The secret to Elvis Presley’s relationships with the closest women in his life might be traced back to the strong bond with his mother. It was on this day, Sept. 22, in 1955 that Gladys Presley told her son, “you care more about touring around in that car that you do your own family.”
It stunned Elvis, who had just returned from a giving a concert with Scotty Moore and Bill Black in Kingsport, Tennessee. Elvis reassured Gladys that he went on the road to perform because he loved her and his father, Vernon Presley. All he wanted to do was to provide for them with the best way he could because of his love.
Elvis Presley was home in early May, 1976 when this writer first met with the King of Rock n’ Roll and some of his family members. His first cousin, Harold Loyd, was pointing to the grass beyond the curb on the opposite side of the driveway from the guard shack, just inside the famous musical gates of Presley’s home, Graceland, in Memphis, Tennessee.
“She used to come down here and set in a lawn chair over there and talk to the fans,” Loyd, the on-duty security guard for Graceland that evening, reminisced. “Many times the fans didn’t even know who she was and they’d be talking to her for a good while thinking she was a fan like them. Sometimes they’d find out she was his mother and they just wouldn’t believe it.”
Loyd was sharing some memories of his Aunt Gladys Presley and the sister of his own mother, Rhetha Smith-Loyd. The two sisters were extremely close from the Smith family of eight siblings. Their brother, Travis Smith, was one of the first security guards at the gates. Gladys would walk down from Graceland, sometimes alone or with others, to sit and visit with Travis near the guardhouse.
“Our grandparents, the father and mother of our mothers, were Bob and Doll Smith,” Loyd explained. “We were about as poor as you’ve ever seen and Grandma was sick with TB (tuberculous) most of the time. Grandpa Smith sold moonshine to make ends meet because there were no jobs and Grandma needed help to be cared for, especially with all those eight kids.”
“When my mamma died, it was like Aunt Gladys was as lost and alone as any of us,” Loyd said. “I think she would have died from a broken heart, but when Elvis was born, she was suddenly herself again.”
Loyd supposed the loss of Elvis’s twin brother, Jesse Garon, and the death of her sister Rhetha, is what made her “so protective and almost clingy to Elvis.”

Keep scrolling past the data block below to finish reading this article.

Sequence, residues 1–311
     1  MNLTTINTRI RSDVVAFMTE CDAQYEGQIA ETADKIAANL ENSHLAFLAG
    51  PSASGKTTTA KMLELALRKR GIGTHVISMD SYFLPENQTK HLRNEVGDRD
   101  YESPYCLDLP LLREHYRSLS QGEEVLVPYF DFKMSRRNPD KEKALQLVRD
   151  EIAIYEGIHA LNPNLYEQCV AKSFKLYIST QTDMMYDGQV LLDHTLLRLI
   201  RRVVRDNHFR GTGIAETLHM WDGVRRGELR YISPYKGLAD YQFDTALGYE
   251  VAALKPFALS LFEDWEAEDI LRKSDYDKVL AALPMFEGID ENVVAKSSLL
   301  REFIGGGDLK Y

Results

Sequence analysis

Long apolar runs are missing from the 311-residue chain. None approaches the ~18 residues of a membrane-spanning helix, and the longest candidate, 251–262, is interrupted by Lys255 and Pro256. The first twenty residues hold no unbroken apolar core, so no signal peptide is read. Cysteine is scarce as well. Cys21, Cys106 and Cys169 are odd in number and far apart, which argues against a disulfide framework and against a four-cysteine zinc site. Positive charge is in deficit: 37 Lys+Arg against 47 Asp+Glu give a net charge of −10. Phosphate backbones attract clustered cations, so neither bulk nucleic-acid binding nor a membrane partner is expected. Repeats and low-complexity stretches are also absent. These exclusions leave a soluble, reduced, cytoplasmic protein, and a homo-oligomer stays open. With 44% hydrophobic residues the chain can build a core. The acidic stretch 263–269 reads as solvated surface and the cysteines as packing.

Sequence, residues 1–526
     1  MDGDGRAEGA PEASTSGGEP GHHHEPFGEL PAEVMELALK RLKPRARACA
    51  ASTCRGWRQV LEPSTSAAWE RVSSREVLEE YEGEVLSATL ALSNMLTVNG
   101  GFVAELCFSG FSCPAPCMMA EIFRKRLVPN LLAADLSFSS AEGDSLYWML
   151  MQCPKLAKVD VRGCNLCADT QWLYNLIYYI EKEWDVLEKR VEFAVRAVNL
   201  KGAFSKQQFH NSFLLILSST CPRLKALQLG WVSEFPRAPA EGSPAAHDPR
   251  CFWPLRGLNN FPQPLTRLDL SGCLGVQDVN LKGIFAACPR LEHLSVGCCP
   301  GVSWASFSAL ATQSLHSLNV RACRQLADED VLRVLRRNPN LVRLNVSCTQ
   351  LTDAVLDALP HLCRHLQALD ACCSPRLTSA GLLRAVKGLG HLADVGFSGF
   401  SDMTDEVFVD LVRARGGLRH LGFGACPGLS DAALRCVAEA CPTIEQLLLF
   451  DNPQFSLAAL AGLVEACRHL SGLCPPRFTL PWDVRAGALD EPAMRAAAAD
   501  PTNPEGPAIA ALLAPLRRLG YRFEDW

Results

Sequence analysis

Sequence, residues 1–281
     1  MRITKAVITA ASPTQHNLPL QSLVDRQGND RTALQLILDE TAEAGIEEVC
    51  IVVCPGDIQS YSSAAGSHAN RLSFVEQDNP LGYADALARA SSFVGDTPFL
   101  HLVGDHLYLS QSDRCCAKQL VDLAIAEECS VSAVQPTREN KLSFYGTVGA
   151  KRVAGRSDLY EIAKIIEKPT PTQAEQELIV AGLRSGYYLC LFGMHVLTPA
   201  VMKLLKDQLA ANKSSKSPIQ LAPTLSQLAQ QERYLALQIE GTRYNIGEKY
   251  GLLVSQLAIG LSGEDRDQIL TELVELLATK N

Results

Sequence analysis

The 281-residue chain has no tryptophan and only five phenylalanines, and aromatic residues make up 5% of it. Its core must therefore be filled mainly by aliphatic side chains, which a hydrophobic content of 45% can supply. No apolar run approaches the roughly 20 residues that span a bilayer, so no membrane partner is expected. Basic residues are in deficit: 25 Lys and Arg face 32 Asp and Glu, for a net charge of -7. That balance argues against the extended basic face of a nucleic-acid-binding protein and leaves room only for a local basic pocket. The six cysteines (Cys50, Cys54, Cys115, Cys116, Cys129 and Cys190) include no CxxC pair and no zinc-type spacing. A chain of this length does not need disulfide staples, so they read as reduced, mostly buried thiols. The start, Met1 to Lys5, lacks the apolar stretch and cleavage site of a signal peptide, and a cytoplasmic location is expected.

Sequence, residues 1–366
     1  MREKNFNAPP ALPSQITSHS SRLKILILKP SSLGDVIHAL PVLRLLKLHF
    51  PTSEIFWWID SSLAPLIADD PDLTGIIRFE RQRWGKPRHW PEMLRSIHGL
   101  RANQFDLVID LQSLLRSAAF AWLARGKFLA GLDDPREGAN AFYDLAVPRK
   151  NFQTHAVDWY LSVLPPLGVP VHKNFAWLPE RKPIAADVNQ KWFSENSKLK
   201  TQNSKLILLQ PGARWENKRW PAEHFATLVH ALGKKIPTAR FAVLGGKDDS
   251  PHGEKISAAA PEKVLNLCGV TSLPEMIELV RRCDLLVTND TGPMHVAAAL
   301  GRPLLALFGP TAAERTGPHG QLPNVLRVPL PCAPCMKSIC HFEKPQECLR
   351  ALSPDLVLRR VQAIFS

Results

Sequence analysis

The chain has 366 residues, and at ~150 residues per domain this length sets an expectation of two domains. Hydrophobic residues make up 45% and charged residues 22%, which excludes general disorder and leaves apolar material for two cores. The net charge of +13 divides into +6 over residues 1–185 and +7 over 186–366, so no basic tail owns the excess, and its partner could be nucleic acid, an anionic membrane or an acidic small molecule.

“He couldn’t go nowhere without her being there with him,” Loyd continued. “It was something like most people have ever seen, but it was natural to see Aunt Gladys and little Elvis petting each other and calling each other nicknames.”
“She used to sing him that song ‘Mama’s little baby loves shortin’ bread, but she would change it up sometimes for him and sing ‘Mama’s little baby has satnin skin,” Loyd laughed. “He would sing it back to her and that became about all he would call her was ‘Satnin.’”
Elvis lost the love of his life when his mother Gladys died on Aug. 14, 1958. “Satnin’s gone,” he cried.
There is no secret that Presley had many loves and lovers. But, besides his mother he only called two others women ‘Satnin’ as an affectionate nickname. Elvis gave nicknames to just about everyone around.
After almost hitting his grandmother Minnie Mae Presley, his father Vernon’s mother, in the face with a ball, he laughed and called her “Dodger.” The nickname stuck the rest of his life. Ann Margaret, who said she and Elvis were “soulmates,” was his co-star in the 1964 movie, “Viva Las Vegas.” While his friends, the Memphis Mafia, called her “Rusty” affectionately after her role in the film, Elvis loved her as “Thumper.”
By most accounts, Elvis was smitten with Anita Wood, a local beauty queen and personality in Memphis introduced to the King by his friend George Klein in 1957. She continued as his chosen girlfriend until his induction into the army a year later. Wood recalled the last thing Elvis said to her before he went to Germany was, “I love you, Little–”.
But it was his 1956 girlfriend, Biloxi, Mississippi’s own June Juanico, that Elvis gave the nickname “Satnin” the same as he called his mother. Juanico said that while on a Memphis date in May 1956, Elvis first called her “My beautiful little Satnin.”
Only one other woman in Elvis’ life was called Satnin, and it was the lady he would eventually marry and have a child with, Priscilla Beaulieu. He also called her “Nungen,” his baby-talk for “young one.” Memphis Mafia member Alan Fortas once said that “Fire Eyes” was one of Priscilla’s pet names for Elvis. He also called her ‘Cilla’ and ‘Little One.’
Nicknames for some of Elvis’s girlfriends included “Mommy” for Linda Thompson, “Ginger Bread” for Ginger Alden, and “Ooshie” for Ursula Andress. Elvis had nicknames for some of his friends and family including “Marble Eyes” for cousin Billy Smith, “Birdy” or “Mr. Bull” for Lamar Fike, “Moon” for Marty Lacker, “Milk” or “Cougar” for Jerry Schilling, “Hog Ears” for Alan Fortas, “Guru” or “Swami” for Larry Geller, and “The Great Explainer” for “Sonny West.”